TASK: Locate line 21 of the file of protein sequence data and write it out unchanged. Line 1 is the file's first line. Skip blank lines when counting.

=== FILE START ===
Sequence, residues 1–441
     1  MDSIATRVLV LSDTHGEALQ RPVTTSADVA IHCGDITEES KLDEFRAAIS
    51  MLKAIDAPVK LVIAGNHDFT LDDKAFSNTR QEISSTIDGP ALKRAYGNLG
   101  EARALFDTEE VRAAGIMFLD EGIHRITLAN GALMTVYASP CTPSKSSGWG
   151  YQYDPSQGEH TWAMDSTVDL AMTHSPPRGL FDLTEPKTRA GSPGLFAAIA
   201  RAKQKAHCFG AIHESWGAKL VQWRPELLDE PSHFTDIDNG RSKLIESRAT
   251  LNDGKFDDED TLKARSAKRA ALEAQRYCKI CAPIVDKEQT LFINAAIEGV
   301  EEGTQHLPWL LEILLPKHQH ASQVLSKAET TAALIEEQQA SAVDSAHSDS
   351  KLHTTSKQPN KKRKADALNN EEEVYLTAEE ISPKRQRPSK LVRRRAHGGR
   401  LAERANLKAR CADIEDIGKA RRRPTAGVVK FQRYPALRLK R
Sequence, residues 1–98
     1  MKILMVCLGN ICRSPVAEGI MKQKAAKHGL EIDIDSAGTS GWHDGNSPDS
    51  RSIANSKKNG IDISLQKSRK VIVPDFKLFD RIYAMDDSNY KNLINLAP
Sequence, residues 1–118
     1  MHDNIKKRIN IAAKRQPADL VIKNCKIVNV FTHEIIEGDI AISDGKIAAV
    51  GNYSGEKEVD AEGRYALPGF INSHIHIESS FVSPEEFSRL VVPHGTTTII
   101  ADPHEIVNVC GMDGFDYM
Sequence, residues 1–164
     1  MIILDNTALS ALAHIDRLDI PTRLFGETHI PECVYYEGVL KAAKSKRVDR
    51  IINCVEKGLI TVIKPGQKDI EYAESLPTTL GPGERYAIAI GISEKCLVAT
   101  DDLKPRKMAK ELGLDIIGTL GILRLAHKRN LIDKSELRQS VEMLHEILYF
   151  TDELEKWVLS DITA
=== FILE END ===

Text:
   101  DDLKPRKMAK ELGLDIIGTL GILRLAHKRN LIDKSELRQS VEMLHEILYF